On the heels of the second round of presidential debates between incumbent President Barack Obama and former Massachusetts Gov. Mitt Romney, Doug Usher M.A. ’97, Ph.D. ’99, a pollster and expert on U.S. elections discussed polling, the current campaign climate and voter sentiments in Malott Hall Wednesday evening.
Usher is the founder of the Purple Poll, a monthly analysis of the swing-state electorate, and has been cited by Fox News, MSNBC, The Wall Street Journal, Politico and numerous other news outlets. As managing partner of the research division of Purple Strategies, a bipartisan public affairs firm, he provides analysis of political trends and public opinion.
“When it comes to presidential politics, there’s two things I say: The very worst thing if you want to understand American politics is to follow a presidential campaign, and the second thing is everybody likes a good train wreck,” Usher said.
Campaigns are “completely unpredictable” in regard to what bumps will occur along the proverbial campaign trail, but they can be very predictable in their outcomes through polls and political analysis, according to Usher.
Citing Clint Eastwood’s exchange with an imaginary Obama at the Republican National Convention in August, Romney’s remarks about the 47 percent of Americans who he says don’t pay income taxes and Romney’s statement that he would defund public television — leading to a social media storm of support for Big Bird — Usher said such sensational moments remind us that campaigns are “strange.”
“They call [campaign season] the silly season,” Usher said.
The unpredictability in the presidential election is mounting due to the onslaught of ever-increasing quantities of campaign money that can influence the election, according to Usher.
“Political money is crack. And people that go into politics are addicts. Campaign finance laws help them get crack. Better yet, redistricting laws help them choose their dealers,” he said.
Despite surprises along the campaign trail, Usher said candidates’ strategies going into the 2012 election are fairly predictable.
Romney needed to solidify his Republican base and focus on the economic weaknesses the country faced under the Obama administration, while the president’s strategy included attacking Romney on a regular schedule in addition to solidifying his Democratic base, Usher said.
“[Obama] was definitely dealt a harder hand,” he said, describing Obama’s approach through much of the campaign as waiting for Romney to misstep.
But he noted that this strategy, in which a candidate seeks to develop an unflattering caricature of an opponent, left Obama vulnerable to the possibility that Romney would not appear as that character in the public eye.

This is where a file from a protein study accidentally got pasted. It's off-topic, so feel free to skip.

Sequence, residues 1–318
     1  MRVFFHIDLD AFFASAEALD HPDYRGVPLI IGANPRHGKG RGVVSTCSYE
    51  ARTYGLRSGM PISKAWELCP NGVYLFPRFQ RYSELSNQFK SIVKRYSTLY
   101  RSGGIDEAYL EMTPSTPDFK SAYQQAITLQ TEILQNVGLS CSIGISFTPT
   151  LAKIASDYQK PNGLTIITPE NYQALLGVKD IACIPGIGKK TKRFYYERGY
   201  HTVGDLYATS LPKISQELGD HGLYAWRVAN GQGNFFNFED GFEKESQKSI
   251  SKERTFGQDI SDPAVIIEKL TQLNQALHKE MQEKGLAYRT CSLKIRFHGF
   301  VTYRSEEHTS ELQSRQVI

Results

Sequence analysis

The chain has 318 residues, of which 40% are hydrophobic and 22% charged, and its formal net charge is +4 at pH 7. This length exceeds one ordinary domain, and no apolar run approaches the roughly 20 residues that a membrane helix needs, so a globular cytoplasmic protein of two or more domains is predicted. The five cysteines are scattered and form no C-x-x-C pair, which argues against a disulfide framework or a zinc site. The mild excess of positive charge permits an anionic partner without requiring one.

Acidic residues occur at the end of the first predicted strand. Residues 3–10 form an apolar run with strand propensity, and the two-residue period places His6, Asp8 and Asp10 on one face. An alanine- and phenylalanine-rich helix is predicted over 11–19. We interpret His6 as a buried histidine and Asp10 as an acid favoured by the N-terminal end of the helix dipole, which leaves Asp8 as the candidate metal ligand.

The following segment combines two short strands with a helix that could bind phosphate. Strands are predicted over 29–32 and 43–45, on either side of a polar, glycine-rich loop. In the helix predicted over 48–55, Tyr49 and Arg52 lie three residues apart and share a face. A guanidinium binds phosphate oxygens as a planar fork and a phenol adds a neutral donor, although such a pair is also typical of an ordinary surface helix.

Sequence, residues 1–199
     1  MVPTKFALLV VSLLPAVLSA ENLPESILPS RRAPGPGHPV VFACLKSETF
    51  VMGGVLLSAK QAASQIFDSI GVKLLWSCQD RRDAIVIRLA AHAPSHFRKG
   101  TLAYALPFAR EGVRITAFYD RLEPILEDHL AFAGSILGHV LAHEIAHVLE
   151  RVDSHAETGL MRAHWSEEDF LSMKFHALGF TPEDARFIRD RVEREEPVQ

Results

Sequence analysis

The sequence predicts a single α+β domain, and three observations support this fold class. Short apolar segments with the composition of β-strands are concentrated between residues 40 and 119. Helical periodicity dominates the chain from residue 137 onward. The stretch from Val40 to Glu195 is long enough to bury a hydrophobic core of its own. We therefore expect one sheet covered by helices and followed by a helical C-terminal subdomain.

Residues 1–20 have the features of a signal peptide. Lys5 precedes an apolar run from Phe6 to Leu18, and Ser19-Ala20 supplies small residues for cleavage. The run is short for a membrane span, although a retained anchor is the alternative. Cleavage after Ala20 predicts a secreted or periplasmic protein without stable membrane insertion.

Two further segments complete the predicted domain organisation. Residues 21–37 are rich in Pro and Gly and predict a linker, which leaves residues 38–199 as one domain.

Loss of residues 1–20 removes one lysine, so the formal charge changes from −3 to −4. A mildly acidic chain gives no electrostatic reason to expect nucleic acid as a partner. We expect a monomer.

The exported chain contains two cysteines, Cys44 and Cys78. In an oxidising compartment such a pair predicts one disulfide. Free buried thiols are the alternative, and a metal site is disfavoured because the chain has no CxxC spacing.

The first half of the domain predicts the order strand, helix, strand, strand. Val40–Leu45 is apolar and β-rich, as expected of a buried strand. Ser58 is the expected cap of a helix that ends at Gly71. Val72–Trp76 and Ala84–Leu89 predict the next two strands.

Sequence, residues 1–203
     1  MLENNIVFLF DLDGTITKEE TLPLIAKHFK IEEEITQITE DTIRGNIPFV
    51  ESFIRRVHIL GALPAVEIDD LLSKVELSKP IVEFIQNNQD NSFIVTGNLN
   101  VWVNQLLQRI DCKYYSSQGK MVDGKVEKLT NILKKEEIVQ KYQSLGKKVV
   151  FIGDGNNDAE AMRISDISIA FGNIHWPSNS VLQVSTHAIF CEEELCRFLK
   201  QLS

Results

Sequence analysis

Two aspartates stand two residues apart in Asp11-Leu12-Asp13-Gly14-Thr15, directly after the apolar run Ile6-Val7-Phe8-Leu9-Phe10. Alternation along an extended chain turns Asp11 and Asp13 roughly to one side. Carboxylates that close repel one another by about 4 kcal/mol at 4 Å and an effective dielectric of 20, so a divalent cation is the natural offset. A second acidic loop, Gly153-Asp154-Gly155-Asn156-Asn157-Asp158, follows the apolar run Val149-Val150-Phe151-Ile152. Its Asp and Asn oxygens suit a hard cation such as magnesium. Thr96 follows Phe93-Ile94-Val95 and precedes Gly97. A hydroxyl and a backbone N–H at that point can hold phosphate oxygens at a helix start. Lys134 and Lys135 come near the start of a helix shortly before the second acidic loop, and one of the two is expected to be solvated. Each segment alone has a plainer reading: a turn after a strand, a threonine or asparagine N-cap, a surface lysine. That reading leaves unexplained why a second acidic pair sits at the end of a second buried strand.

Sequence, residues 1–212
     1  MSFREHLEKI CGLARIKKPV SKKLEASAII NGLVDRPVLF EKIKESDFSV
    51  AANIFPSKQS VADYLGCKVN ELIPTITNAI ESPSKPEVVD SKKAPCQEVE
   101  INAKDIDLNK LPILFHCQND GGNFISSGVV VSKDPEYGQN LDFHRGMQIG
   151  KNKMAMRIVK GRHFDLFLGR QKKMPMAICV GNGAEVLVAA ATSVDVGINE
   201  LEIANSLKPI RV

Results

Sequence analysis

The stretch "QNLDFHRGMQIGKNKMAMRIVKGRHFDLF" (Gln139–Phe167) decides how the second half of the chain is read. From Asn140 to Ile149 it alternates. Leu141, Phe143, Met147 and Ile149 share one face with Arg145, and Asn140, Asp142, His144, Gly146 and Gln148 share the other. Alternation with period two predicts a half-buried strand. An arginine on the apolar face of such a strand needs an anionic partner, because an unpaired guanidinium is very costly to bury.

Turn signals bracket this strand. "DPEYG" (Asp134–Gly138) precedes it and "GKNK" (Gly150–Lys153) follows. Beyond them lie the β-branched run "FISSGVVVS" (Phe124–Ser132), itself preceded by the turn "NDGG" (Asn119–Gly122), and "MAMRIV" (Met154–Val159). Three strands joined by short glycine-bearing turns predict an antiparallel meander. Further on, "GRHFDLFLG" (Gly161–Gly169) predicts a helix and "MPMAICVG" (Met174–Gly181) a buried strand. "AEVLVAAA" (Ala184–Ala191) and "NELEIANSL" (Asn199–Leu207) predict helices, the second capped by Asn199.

“I think what was so dramatic about the first debate was that we had months of Romney [refusing to release tax returns and criticizing the 47 percent] and that the guy that showed up on debate night was not that person at all,” Usher said. “Romney was not the character of the 47 percent video, and Obama didn’t come prepared.”
Noting marginal fluctuations in polling following both the vice presidential and the second presidential debate, in addition to the nature of the undecided voter — ever waiting for “someone to talk to me” — Usher added that campaigns only provide an impetus for limited change.
“Campaigns aren’t great for changing hearts and minds. Campaigns are great for directing hearts and directing minds,” he said.
Such is the nature of positive or negative results at the polls: Campaign staff will try to spin negative poll results in a way that reduces its impact to prevent a downward spiral, according to Usher. Talk of the inaccuracies of polling typically arises when negative polls suggest that a campaign is beginning to sour, he said.
“The only poll that matters is on Election Day” is another such dismissive pronouncement that may indicate that a campaign is “losing,” Usher said.
Still, polls can provide insight into various factors throughout a campaign cycle, he said.
In part due to polling — and pollsters like himself — Usher said that margins of victory in elections have grown increasingly narrow over the years.
“Campaigns are sort of like a football game where there’s no scoreboard. There’s no referee and everybody’s watching … Polling when it’s done right is a lot more than what the score is, it’s the strategy used to win,” Usher said.